We are extremely grateful for the teachers and students who gave us the opportunity to learn about their culture. It was so meaningful to talk to students from a local school, and it was probably the most educational part of the trip. We will remember the hospitality of Pakuranga College and hope to come back.”

My “portrait” on the foggy window

Of course, there are things that I didn’t share in the letter. For example, despite the excellent teaching, some students were texting or watching videos during class. I was too exhausted that I almost fell asleep. Or one part that especially touched me when they honor their ancestors was their understanding that your parents might not be great, but you can still be grateful because you wouldn’t be here without them. (My best friend said she was thinking about me when she listened to this part too.) And we came to the conclusion that our school isn’t an accurate representation of American high school because of our uniqueness. And that gym class had always been anxiety-inducing for me and some of my friends.

It started raining so we did a quick grocery run instead of heading to the beach straight away. After we got home, another friend cooked pasta so we had a low-key party with Tim Tam (seriously, this snack is addictive! You can find it in the U.S. as well) and smoothies. We drove to the ocean before sunset. My best friend and I walked along the sand. I climbed to the top of some rocks. It was so pretty, like a 3D video game. We talked about what kind of characters we would be in a video game and took goofy dance videos. “Family” came up again in our conversation. Maybe I’m not meant to have a functional family of origin, but that’s okay. I heard from a podcast that before we came to this world, our souls chose our parents. You might ask, why would I choose a toxic family? Well, maybe your soul knew that without all the adversities, you wouldn’t become the person you are today. 

Some of our classmates jumped into the ocean. My friend and I hesitated. We did swim in the ocean though. It was magical how the waves came to us and pushed us. “I feel like the ocean is holding me……I’m chosen!” The water was really salty. Three of us swam to catch another friend (who is both an Aries and a Gryffindor) and we were screaming-singing “friendship never ends”. So that was fun. Afterward, my friend and I took another walk and ate the best fish and chips that we’ve ever had. All of us put our arms around each other, swung, and sang “Country Road”. It was a night to remember.

Special Section (Fun quotes)

  • “You know that meme where a person drops a croissant? I just dropped a croissant.”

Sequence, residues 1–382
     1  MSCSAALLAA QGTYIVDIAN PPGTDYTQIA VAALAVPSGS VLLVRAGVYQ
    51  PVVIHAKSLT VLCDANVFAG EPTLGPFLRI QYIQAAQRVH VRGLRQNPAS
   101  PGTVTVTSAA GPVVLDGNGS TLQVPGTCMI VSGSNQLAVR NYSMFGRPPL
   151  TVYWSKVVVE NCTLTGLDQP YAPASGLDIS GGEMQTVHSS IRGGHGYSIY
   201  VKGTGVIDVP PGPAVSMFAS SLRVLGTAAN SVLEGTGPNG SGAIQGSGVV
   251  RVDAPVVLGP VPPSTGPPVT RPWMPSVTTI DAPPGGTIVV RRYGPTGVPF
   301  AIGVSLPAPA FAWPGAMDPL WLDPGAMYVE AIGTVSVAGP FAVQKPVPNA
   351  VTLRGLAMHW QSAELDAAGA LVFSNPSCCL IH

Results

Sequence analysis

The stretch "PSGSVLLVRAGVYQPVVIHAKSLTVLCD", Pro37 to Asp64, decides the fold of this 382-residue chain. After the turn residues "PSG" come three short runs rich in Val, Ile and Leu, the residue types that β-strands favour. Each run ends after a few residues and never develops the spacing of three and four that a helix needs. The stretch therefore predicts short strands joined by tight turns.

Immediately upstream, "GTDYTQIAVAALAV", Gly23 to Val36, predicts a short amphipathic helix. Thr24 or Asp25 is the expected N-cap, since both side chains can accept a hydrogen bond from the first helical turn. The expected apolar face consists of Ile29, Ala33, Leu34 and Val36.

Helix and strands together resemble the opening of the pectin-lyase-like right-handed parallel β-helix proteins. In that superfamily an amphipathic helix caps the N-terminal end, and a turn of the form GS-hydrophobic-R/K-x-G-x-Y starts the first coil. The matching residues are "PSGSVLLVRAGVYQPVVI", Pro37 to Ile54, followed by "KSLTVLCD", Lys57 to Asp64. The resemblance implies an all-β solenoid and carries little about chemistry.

• “I glow in the dark.”
  • “I just think A+ looks good on me.”
  • “You’re always eating an apple. Like a squirrel.”
  • “When I went on boating, the wind used to taste like cheese.”
  • “Let’s mark the sand with more sand.”
  • New Zealanders use the phrase “sweet as”. My best friend keeps saying it, and it makes everyone cracks up. When she said “nice as”, my immediate reaction was “What the heck?”

My New Zealand Trip Part I

Earlier this month, I was blessed with the opportunity to go on a school trip to New Zealand. It was the best days of my life so I want to share the highlights with you guys. Plus, it’s fun to review the moments. I journaled seven pages every day, so it would be redundant if I paste everything here, but I’ll cover as much as possible. Disclaimer: this blog post will sound like a diary.

Day 1 (On the plane)

I saw my friends at the airport and there were some not-so-emotional goodbyes. I chatted with my best friend about our weekends, hopes for this trip, and everything. I small-talked with people I used to be close to and still care about. We went through security and found our gate. Everything felt familiar. The snack machine, the pass-way, and the Starbucks nearby. We ordered lattes and croissants and took selfies.

During the four hours flight to San Francisco, my friend and I had some in-depth discussions about subjects like race, nationality, and human rights. We disagreed with each other on religion, but we did so respectfully. “We’re solving some world problems here!” We also talked about things that directly impact our lives more like the relationship with teachers, friendship, college, and career. She is one of a kind and I believe this will turn into a lifelong friendship.

During the nineteen hours flight to Auckland, I watched Ralph Breaks the Internet and Fantastic Beasts: The Crimes of Grindelwald (!!). The latter was exceptional. I did not understand the plot at first which I half-heartedly blamed the British accent but it portrayed the magical world that I’ve always dreamed of. (I did not watch Harry Potter movies because I love the books way too much. It’s an obsession.)

I could not fall fully asleep, but I napped frequently with my earbuds in. Otherwise, my sensitive nature would force me to eavesdrop conversations that have nothing to do with me.

Day Two (Arrived)